What is Settlement Planning?
Sept. 1, 2017
Settlement planning is a unique and expanding area of law that is designed to help individuals preserve benefits that have been received from a personal injury settlement, inheritance or judgment. The practice encompasses an array of legal services such as special needs planning, estate planning and financial planning. The objective is to assist clients with resolving claims and to create a structure to properly manage the funds.
Settlement planning is particularly designed for minors, individuals with disabilities, adults who lack capacity and individuals who are receiving public benefits. Without careful planning, those who receive a large settlement or other proceeds may have difficulty managing these funds. In addition, individuals who receive benefits may lose their eligibility for vital government aid.
This area of law relies on a multi-disciplinary approach that requires the collaboration of a qualified network of professionals including personal injury attorneys, financial planners, CPAs, and trust and estates attorneys. Their combined efforts are geared toward helping clients maintain their quality of life and plan their financial future.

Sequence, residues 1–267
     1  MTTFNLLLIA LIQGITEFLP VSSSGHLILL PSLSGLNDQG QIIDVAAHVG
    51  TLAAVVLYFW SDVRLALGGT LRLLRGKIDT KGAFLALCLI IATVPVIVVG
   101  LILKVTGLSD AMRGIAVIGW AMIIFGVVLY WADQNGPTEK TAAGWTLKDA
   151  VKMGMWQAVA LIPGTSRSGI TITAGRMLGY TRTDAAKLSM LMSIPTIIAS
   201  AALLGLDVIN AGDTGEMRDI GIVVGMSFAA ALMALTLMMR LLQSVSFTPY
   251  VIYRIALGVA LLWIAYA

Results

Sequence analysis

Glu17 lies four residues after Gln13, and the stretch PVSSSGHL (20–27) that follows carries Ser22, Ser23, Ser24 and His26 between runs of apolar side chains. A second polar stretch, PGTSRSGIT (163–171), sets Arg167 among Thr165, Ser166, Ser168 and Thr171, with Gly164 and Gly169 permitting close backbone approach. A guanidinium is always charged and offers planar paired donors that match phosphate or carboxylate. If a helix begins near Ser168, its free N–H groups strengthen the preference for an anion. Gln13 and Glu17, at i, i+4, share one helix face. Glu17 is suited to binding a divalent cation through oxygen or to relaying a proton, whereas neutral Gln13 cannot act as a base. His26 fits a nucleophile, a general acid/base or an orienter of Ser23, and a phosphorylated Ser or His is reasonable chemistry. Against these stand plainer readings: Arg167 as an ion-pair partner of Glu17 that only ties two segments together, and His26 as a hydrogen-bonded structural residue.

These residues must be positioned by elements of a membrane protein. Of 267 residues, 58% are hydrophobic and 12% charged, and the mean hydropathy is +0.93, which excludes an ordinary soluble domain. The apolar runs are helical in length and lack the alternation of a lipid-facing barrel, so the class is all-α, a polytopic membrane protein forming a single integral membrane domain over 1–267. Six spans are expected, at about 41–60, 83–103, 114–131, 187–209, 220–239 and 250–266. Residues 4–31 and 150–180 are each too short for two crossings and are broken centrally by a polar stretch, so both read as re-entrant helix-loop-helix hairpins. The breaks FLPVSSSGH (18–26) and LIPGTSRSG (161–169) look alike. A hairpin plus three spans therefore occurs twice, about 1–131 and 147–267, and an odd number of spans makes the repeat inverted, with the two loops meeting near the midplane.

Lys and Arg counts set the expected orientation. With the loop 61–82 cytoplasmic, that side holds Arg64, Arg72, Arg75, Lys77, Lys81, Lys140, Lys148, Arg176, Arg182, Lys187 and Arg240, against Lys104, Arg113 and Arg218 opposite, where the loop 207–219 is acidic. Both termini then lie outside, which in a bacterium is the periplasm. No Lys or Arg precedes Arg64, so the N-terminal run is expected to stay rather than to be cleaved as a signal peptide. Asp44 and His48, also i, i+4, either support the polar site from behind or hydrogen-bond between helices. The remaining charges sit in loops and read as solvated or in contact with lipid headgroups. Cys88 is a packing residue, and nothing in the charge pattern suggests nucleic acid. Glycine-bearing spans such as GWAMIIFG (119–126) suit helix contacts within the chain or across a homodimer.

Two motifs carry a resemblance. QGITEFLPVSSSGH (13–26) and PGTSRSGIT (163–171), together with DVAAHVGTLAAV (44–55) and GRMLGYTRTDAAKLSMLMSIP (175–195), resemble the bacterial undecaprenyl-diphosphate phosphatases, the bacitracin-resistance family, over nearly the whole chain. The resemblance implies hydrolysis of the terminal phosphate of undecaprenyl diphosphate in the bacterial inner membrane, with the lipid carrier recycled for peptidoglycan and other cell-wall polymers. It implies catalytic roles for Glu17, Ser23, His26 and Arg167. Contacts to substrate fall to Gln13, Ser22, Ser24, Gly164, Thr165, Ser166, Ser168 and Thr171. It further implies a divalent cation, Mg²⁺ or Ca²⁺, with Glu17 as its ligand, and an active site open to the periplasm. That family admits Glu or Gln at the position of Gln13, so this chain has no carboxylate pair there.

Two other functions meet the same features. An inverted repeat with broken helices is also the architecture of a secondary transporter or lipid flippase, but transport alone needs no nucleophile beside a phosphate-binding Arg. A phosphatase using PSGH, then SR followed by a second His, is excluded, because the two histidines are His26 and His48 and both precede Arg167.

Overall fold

Accomplishing these objectives often requires establishing a variety of complex planning mechanisms such as special needs trusts, structured settlement annuities, and guardianships. In so doing, there are a number of related considerations, including:
Identification of Public Assistance Programs
Medicare and Medicaid Lien Resolution
Medicare Set Aside Arrangements
Structured Settlement Planning
Identifying Qualified Fiduciaries
Trust Administration Support
Because each case is unique, it is crucial to tailor a settlement plan to the client's circumstances. Nonetheless, a typical plan addresses matters such as financial needs and planning, estate planning concerns, tax planning, or establishing guardianships for minors. Lastly, this area of law also requires proving ongoing comprehensive legal services to trustees to assist them with meeting their fiduciary obligations.
In short, settlement planning dovetails with estate planning for purposes of providing for a client's lifetime needs, establishing and achieving financial goals, and if necessary, maintaining eligibility for public benefits. In the end, individuals who are scheduled to receive a settlement, inheritance or judgment should engage the services of an attorney with experience in settlement planning.